Around the 36 minute mark the teams bunched up around the dragon pit. Flash Wolves had taken three dragons over the course of the game so perhaps one potential way out of their current unpromising situation would be to try to stay in the game long enough to get that fifth dragon buff and stage a comeback of their own. But you have to actually take the dragons for that to happen. The dragon and, soon afterwards, the match, went to CLG.
CLG – 2, FW – 1
Game four felt like it started off with a similar lack of clarity from CLG and they ended up down on kills (2 to Flash Wolves’ 4) and a dragon behind but with a turret advantage and a small gold lead.
“We have to assess our early game and figure out what went wrong,” says Zikzlol of the series as a whole. “In a lot of the early games we either messed up certain shotcalling aspects or we messed up, like people were out of position getting ganked.”
But there was also confidence to their play. Flash Wolves carry Hsiung ‘NL’ Wen-An was slain under his own tower while Stixxay picked up a kill on Karsa’s Kindred soon after.
CLG were back in the lead and accelerating. Their solid split push and application of pressure meant the end of the game saw wave after wave of minions, trundling at the LMS side’s base. Eventually their nexus was utterly mangled. CLG had pushed North America further into a Riot-hosted major event than at any other point in the game’s six-year competitive history.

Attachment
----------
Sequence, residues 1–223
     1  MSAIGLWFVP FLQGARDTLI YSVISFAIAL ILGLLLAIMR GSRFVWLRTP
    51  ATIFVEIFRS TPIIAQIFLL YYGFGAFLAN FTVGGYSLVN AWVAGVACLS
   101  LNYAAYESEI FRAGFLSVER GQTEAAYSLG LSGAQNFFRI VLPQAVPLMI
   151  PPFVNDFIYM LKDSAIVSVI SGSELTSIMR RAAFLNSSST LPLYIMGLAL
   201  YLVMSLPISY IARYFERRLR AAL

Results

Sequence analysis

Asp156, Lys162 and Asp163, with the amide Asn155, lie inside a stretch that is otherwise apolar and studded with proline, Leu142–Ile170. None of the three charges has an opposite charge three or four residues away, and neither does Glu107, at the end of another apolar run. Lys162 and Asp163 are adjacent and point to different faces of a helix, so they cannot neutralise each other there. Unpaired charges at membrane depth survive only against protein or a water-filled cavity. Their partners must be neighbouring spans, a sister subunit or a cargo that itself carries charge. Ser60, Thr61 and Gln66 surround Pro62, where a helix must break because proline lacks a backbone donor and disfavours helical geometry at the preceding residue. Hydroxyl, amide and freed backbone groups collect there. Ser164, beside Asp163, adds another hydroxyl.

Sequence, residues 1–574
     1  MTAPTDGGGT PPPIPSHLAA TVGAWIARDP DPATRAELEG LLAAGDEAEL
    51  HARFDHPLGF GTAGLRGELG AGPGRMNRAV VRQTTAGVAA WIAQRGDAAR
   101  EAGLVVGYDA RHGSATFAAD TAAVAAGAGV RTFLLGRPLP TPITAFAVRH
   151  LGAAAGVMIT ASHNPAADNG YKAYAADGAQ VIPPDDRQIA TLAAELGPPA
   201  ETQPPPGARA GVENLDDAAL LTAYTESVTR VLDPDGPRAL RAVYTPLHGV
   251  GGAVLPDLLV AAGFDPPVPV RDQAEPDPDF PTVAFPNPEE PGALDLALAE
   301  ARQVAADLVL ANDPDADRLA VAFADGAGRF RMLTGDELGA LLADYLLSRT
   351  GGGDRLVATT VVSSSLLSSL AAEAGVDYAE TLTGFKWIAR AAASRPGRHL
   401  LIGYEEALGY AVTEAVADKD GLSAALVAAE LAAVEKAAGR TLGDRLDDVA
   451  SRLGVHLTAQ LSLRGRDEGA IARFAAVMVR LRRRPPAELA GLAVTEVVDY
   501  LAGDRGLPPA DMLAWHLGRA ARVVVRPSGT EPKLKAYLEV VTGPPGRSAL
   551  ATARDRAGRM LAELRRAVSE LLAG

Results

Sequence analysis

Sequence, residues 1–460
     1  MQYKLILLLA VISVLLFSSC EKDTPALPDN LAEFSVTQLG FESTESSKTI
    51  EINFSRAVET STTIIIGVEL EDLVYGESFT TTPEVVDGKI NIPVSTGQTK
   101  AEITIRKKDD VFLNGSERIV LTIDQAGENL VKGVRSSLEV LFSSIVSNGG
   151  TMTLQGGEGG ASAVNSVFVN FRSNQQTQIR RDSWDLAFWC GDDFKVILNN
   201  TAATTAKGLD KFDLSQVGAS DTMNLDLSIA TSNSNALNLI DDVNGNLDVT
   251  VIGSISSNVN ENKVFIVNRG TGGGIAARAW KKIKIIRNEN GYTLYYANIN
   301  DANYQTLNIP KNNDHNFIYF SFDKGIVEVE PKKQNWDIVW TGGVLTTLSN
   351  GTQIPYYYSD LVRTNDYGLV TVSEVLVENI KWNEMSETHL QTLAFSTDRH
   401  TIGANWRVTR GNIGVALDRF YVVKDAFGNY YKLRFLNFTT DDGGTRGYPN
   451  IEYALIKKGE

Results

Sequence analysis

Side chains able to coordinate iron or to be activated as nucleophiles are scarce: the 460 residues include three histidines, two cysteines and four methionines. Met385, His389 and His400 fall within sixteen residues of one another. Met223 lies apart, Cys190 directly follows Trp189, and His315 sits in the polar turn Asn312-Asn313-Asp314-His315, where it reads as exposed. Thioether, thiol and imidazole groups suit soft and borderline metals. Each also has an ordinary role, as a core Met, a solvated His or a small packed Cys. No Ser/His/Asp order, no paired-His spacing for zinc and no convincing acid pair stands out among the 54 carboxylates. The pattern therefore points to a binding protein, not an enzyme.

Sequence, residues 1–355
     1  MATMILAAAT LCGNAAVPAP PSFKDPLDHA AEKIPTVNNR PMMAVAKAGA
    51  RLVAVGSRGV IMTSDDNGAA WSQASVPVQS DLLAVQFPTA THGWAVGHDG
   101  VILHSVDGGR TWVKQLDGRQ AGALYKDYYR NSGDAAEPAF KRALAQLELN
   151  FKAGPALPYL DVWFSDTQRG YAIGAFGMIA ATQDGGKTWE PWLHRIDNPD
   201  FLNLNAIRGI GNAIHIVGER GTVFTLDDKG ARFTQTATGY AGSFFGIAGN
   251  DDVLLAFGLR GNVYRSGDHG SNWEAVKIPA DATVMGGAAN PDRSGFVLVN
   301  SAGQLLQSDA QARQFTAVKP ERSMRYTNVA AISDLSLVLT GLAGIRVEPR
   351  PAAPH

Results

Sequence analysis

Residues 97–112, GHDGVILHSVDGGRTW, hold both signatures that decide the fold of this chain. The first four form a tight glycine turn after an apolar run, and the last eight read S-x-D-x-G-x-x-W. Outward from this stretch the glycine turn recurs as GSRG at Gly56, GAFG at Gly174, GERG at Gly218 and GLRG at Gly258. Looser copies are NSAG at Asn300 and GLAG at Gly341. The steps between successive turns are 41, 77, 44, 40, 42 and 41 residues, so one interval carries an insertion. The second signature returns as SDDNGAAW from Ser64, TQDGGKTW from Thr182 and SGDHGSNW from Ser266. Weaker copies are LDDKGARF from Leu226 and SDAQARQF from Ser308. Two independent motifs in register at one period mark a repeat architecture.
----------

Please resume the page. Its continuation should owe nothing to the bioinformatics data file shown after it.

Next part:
But the celebrations from the team as they got up from their computers were muted. The semifinal victories were not flawless and tomorrow brings CLG up against a vastly improved SKT.
“We had to get through today to get to tomorrow. The most important thing for us, obviously, wasn’t that match but the finals match. Our goal is to win everything so we wanted to put everything into [this semifinal] game and then put everything into the next game. Really, playing against Flash Wolves was that stepping stone before you get to the final destination.”
CLG – 3, FW – 1
So what next?
Tomorrow is the final where SKT and CLG go head to head across a best-of-5. I ask Zikzlol how CLG will counter or avoid the mindgames that the aura of invincibility which tends to accompany SKT can bring to a team.
“A big part of that was our ‘Respect all, fear none’ mentality coming into the tournament,” he says. “I feel like it helped everybody understand you need to play confidently. If we’re going to make a play we need to make a play. We can’t back out because we think ‘It’s Faker, he could counter the play because he’s really good’. It doesn’t matter. If your team is in the right place at the right time it does’nt matter what they can do.
“As long as we play confidently I’m pretty sure we can take it. We’ve already beaten this team on stage, we beat this team in scrims, we’re practicing against them. I do not feel scared of SKT at all.”
The finals start at 1.30pm CST which is 6.30am BST on 15 May.